Eamon Duffy is Emeritus Professor of the History of ­Christianity at the University of Cambridge. His latest book is ­Reformation Divided: Catholics, Protestants and the Conversion of England. (February 2018)

Amos Elon (1926–2009) was an Israeli journalist. His final book was The Pity of It All: A Portrait of Jews In Germany 1743 – 1933.

Jason Epstein, former Editorial Director at Random House, was a founder of The New York Review and of the Library of America. He is the author of Eating: A Memoir. (Dectember 2013)

Helen Epstein teaches at Bard and is the author, most recently, of Another Fine Mess: America, Uganda, and the War on Terror. (June 2018)

James Fenton is a British poet and literary critic. From 1994 until 1999, he was Oxford Professor of Poetry; in 2015 he was awarded the PEN Pinter Prize. He is the author of School of Genius: A History of the Royal Academy of Arts and, most recently, Yellow Tulips: ­Poems, 1968–2011. (July 2018)

Tony Judt (1948–2010) was the founder and director of the Remarque Institute at NYU and the author of Postwar: A History of Europe Since 1945, Ill Fares the Land, and The Burden of Responsibility: Blum, Camus, Aron, and the French Twentieth Century, among other books.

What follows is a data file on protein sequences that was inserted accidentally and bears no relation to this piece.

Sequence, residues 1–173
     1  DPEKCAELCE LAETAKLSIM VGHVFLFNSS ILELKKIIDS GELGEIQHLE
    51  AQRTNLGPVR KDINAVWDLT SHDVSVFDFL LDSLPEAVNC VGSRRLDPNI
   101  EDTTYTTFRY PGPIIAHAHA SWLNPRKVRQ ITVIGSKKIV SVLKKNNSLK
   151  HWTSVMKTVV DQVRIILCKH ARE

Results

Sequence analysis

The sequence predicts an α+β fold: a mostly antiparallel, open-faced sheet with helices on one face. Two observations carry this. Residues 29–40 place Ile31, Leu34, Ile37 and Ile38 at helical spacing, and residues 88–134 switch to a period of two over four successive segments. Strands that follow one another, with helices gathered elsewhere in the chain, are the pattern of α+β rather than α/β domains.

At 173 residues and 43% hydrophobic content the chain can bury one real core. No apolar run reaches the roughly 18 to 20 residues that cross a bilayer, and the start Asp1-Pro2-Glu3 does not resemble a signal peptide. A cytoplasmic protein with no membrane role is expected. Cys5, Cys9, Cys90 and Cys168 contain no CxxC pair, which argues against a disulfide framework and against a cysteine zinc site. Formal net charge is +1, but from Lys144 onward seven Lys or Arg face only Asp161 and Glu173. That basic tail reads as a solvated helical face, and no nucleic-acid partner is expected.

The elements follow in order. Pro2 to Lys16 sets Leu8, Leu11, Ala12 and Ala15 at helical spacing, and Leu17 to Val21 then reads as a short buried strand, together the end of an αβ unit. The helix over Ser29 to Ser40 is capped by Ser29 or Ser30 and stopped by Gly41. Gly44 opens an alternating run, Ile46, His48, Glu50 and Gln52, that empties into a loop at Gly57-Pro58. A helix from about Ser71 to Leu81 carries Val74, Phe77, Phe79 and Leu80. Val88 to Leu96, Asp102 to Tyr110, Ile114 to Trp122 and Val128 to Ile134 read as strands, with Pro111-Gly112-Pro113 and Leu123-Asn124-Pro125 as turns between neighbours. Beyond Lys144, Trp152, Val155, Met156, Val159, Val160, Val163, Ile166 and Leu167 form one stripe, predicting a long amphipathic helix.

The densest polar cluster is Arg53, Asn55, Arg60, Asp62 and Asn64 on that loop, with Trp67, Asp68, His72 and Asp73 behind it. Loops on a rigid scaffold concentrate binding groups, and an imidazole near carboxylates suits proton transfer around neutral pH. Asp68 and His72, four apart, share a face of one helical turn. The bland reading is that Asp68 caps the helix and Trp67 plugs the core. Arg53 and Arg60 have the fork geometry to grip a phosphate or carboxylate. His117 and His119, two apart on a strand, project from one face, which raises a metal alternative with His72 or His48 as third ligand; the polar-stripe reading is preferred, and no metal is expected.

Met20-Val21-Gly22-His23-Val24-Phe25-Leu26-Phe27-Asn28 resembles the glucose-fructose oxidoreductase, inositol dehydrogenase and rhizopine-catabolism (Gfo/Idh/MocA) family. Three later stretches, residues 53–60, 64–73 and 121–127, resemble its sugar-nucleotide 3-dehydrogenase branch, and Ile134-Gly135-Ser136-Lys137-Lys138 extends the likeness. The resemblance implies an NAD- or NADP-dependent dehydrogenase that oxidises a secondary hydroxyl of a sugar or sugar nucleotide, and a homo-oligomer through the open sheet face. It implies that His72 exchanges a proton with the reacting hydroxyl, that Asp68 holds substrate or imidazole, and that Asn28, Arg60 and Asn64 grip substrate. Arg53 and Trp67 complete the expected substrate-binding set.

Frank Kermode (1919–2010) was a British critic and literary theorist. Born on the Isle of Man, he taught at University College London, Cambridge, Columbia and Harvard. Adapted from a series of lectures given at Bryn Mawr College, Kermode’s Sense of An Ending: Studies in the Theory of Fiction remains one of the most influential works of twentieth-century literary criticism.

Brad Leithauser is a novelist, poet, and essayist. He lives in Massachusetts.

Masha Lipman is the former Deputy Editor of the Russian news magazine Itogi. (May 2001)

David Lodge is a novelist and critic and Emeritus Professor of English Literature at the University of Birmingham, England. His novels include Changing Places, Small World, Nice Work, and A Man of Parts. His most recent works of criticism are Consciousness and the Novel and The Year of Henry James.

Bill McKibben is the founder of 350.org, the Schumann Distinguished Scholar at Middlebury, and the author, most recently, of Oil and Honey: The Education of an Unlikely Activist. (February 2017)

Ingrid D. Rowland is a Professor at the University of Notre Dame’s Rome Global Gateway. Her latest book is The Collector of Lives: Giorgio ­Vasari and the Invention of Art, cowritten with Noah Charney.
 (June 2018)

Alan Ryan is the author of On Tocqueville, On Marx, and the two-volume work On Politics: A History of Political Thought from Herodotus to the Present. 
(January 2018)